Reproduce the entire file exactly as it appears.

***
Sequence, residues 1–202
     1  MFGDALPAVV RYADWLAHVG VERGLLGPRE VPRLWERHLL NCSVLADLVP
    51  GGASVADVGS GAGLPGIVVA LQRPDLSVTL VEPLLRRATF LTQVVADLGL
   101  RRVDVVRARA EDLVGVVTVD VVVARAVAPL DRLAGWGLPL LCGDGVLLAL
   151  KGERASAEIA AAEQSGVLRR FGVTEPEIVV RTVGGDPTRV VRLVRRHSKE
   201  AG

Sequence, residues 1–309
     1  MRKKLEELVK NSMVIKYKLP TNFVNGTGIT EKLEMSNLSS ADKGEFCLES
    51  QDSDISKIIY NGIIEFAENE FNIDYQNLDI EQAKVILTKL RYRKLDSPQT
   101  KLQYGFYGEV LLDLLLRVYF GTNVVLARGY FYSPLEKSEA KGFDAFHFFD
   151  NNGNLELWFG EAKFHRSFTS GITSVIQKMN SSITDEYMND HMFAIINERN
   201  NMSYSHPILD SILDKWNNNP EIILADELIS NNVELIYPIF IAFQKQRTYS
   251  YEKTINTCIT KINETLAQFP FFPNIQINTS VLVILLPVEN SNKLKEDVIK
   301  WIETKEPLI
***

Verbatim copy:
Sequence, residues 1–202
     1  MFGDALPAVV RYADWLAHVG VERGLLGPRE VPRLWERHLL NCSVLADLVP
    51  GGASVADVGS GAGLPGIVVA LQRPDLSVTL VEPLLRRATF LTQVVADLGL
   101  RRVDVVRARA EDLVGVVTVD VVVARAVAPL DRLAGWGLPL LCGDGVLLAL
   151  KGERASAEIA AAEQSGVLRR FGVTEPEIVV RTVGGDPTRV VRLVRRHSKE
   201  AG

Sequence, residues 1–309
     1  MRKKLEELVK NSMVIKYKLP TNFVNGTGIT EKLEMSNLSS ADKGEFCLES
    51  QDSDISKIIY NGIIEFAENE FNIDYQNLDI EQAKVILTKL RYRKLDSPQT
   101  KLQYGFYGEV LLDLLLRVYF GTNVVLARGY FYSPLEKSEA KGFDAFHFFD
   151  NNGNLELWFG EAKFHRSFTS GITSVIQKMN SSITDEYMND HMFAIINERN
   201  NMSYSHPILD SILDKWNNNP EIILADELIS NNVELIYPIF IAFQKQRTYS
   251  YEKTINTCIT KINETLAQFP FFPNIQINTS VLVILLPVEN SNKLKEDVIK
   301  WIETKEPLI